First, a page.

Format

Send to

Choose Destination
Environ Health Prev Med. 2019 May 13;24(1):32. doi: 10.1186/s12199-019-0789-5.

Analysis of individual and combined estrogenic effects of bisphenol, nonylphenol and diethylstilbestrol in immature rats with mathematical models.

Author information

1
National Institute for Nutrition and Health, Chinese Center for Disease Control and Prevention, No 27, Nanwei Road, Xicheng District, Beijing, 100050, China.
2
China National Center for Food Safety Risk Assessment, No 37, Building 2, Guangqu Road, Chaoyang District, Beijing, 100021, China.
3
China National Center for Food Safety Risk Assessment, No 37, Building 2, Guangqu Road, Chaoyang District, Beijing, 100021, China. liuzhaoping@cfsa.net.cn.

Abstract

BACKGROUND:

Traditional toxicological studies focus on individual compounds. However, this single-compound approach neglects the fact that the mixture exposed to human may act additively or synergistically to induce greater toxicity than the single compounds exposure due to their similarities in the mode of action and targets. Mixture effects can occur even when all mixture components are present at levels that individually do not produce observable effects. So the individual chemical effect thresholds do not necessarily protect against combination effects, an understanding of the rules governing the interactive effects in mixtures is needed. The aim of the study was to test and analyze the individual and combined estrogenic effects of a mixture of three endocrine disrupting chemicals (EDCs), bisphenol A (BPA), nonylphenol (NP) and diethylstilbestrol (DES) in immature rats with mathematical models.

METHOD:

In the present study, the data of individual estrogenic effects of BPA, NP and DES were obtained in uterotrophic bioassay respectively, the reference points for BPA, NP and DES were derived from the dose-response ralationship by using the traditional no observed adverse effect (NOAEL) or lowest observed adverse effect level (LOAEL) methods, and the benchmark dose (BMD) method. Then LOAEL values and the benchmark dose lower confidence limit (BMDL10) of single EDCs as the dose design basis for the study of the combined action pattern. Mixed prediction models, the 3 × 2 factorial design model and the concentration addition (CA) model, were employed to analyze the combined estrogenic effect of the three EDCs.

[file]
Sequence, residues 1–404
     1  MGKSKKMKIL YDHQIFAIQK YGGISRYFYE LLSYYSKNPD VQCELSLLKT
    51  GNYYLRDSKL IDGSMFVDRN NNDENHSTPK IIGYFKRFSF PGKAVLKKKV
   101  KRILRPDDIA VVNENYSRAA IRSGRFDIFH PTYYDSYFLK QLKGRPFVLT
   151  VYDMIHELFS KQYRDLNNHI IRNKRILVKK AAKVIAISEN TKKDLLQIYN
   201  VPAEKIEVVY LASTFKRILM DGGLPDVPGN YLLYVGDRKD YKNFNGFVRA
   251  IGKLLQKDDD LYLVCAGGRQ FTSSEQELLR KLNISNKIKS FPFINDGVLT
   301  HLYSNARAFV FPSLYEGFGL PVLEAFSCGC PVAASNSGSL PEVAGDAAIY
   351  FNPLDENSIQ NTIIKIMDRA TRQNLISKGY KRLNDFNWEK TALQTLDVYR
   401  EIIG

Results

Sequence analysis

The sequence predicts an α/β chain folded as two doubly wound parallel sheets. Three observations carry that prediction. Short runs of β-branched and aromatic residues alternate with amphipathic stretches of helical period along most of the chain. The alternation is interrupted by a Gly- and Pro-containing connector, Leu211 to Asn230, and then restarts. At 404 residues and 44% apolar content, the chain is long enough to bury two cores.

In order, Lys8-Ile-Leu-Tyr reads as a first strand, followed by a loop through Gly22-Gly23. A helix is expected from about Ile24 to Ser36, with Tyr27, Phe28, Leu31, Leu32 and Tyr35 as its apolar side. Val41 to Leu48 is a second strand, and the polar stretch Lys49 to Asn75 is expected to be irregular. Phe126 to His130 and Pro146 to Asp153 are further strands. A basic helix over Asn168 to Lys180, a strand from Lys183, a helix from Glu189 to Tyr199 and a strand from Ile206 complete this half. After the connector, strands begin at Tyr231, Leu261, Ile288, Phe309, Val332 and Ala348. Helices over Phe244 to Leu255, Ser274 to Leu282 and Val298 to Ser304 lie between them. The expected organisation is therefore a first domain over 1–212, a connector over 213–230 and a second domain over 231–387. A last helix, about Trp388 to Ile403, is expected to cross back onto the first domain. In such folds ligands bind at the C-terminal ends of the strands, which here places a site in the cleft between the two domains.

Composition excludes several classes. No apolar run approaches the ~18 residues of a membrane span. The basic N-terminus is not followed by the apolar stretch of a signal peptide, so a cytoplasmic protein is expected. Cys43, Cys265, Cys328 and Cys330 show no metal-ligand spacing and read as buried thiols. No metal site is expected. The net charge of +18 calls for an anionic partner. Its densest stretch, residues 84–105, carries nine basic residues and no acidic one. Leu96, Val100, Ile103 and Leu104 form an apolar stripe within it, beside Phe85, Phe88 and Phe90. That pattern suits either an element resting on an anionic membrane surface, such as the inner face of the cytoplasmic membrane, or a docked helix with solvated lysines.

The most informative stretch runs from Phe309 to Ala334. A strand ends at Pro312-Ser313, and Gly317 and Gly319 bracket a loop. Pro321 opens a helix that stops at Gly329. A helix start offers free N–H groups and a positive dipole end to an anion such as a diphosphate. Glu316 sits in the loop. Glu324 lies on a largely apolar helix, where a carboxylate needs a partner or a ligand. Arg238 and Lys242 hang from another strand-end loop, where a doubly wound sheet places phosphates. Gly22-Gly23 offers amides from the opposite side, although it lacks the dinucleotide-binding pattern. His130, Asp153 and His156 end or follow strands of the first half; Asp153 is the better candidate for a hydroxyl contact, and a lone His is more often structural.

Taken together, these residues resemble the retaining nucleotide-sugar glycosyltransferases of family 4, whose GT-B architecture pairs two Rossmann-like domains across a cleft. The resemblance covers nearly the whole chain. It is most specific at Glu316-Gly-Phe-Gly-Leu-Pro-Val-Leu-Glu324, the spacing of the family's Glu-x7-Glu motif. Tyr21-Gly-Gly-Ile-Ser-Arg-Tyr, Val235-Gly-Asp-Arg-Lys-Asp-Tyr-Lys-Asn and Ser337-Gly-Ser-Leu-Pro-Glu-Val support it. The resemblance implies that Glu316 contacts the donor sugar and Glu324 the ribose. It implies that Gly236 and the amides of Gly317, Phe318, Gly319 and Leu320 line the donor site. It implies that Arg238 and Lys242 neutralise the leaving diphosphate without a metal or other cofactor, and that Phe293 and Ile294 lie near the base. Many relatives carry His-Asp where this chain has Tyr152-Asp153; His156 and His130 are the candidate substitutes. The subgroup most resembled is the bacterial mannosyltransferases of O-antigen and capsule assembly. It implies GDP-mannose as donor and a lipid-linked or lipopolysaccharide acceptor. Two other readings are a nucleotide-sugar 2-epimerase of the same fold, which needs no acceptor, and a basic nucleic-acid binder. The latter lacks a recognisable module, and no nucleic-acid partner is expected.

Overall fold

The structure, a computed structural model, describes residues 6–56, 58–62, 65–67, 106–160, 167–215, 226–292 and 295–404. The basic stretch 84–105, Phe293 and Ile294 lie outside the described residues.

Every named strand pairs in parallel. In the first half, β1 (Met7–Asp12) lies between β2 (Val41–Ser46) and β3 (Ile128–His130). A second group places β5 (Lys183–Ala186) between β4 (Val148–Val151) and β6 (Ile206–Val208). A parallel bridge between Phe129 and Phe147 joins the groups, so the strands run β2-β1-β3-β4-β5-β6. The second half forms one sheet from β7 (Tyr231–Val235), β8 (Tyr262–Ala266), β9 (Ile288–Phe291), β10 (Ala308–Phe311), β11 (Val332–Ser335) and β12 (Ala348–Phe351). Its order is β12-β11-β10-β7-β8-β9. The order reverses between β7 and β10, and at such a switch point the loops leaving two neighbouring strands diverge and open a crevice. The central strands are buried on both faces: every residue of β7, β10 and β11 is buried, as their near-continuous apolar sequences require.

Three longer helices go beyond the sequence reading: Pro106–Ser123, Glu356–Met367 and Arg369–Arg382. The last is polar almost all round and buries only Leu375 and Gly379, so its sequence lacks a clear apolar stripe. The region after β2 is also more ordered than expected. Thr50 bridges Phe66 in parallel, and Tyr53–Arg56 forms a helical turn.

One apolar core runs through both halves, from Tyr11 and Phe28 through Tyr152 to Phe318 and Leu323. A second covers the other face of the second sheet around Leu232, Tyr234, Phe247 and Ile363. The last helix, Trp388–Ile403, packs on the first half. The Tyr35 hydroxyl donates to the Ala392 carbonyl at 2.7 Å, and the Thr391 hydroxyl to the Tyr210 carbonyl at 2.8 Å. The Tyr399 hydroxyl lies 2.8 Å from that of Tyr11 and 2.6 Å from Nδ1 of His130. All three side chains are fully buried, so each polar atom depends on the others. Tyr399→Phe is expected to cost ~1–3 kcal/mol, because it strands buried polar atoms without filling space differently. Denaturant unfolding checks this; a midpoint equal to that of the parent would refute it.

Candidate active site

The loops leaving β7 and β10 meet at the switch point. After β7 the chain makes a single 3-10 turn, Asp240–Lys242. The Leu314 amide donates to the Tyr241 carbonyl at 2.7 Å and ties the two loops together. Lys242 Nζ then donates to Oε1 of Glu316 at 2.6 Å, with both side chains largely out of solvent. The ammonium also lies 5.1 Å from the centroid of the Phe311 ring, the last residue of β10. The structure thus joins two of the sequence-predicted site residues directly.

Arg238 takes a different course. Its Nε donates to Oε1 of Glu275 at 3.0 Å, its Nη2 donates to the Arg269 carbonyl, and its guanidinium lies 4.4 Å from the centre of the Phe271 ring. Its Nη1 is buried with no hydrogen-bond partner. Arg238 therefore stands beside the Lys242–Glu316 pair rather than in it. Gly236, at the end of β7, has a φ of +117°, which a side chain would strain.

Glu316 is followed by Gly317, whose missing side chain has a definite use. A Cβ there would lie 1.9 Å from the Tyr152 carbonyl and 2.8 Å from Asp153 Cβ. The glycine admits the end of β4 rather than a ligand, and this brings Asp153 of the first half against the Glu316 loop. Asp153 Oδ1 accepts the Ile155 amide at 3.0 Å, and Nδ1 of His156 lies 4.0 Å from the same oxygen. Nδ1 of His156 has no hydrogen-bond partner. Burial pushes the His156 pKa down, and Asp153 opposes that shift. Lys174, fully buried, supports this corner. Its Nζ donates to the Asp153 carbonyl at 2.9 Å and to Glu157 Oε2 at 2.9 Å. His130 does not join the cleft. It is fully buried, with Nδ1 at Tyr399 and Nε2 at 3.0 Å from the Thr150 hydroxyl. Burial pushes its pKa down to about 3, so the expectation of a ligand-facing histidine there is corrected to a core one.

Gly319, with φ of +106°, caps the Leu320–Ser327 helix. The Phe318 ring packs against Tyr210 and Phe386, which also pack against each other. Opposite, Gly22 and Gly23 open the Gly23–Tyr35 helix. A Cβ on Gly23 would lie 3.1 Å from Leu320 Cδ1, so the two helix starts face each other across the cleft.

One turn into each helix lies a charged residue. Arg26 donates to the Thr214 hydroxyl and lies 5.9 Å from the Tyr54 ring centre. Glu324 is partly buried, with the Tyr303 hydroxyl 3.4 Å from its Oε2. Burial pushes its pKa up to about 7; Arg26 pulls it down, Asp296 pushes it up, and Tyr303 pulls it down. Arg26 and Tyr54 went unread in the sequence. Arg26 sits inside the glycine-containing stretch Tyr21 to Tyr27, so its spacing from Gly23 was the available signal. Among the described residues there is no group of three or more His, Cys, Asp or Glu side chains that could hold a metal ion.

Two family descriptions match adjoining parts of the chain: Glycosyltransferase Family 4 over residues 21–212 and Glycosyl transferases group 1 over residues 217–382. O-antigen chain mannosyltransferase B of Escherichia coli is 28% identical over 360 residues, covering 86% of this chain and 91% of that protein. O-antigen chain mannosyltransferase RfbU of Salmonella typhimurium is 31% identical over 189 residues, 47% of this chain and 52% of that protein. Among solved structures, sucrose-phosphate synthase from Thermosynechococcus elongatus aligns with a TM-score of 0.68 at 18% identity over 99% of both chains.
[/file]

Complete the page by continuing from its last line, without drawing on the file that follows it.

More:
RESULTS:

From the dose-response relationship of estrogenic effects of BPA, NP and DES in the model of the prepuberty rats, the BMDL10(NOAEL) of the estrogenic effects of BPA, NP and DES were 90(120) mg/kg body weight, 6 mg/kg body weight and 0.10(0.25) μg/kg body weight, and the LOAEL of the the estrogenic effects of three EDCs were 240 mg/kg body weight, 15 mg/kg body weight and 0.50 μg/kg body weight, respectively. At BMDL10 doses based on the CA concept and the factorial analysis, the mode of combined effects of the three EDCs were dose addition. Mixtures in LOAEL doses, NP and DES combined effects on rat uterine/body weight ratio indicates antagonistic based on the CA concept but additive based on the factorial analysis. Combined effects of other mixtures are all additive by using the two models.

CONCLUSION:

Our results showed that CA model provide more accurate results than the factorial analysis, the mode of combined effects of the three EDCs were dose addition, except mixtures in LOAEL doses, NP and DES combined effects indicates antagonistic effects based on the CA model but additive based on the factorial analysis. In particular, BPA and NP produced combination effects that are larger than the effect of each mixture component applied separately at BMDL doses, which show that additivity is important in the assessment of chemicals with estrogenic effects. The use of BMDL as point of departure in risk assessment may lead to underestimation of risk, and a more balanced approach should be considered in risk assessment.

KEYWORDS:

Combined effects; Concentration addition; Endocrine disrupting chemicals; Factorial analysis; Mixture toxicity

PMID:
31084616
PMCID:
PMC6515622
DOI:
10.1186/s12199-019-0789-5
[Indexed for MEDLINE]
Free PMC Article

Supplemental Content

Full text links

Icon for BioMed Central Icon for PubMed Central
Loading ...
Support Center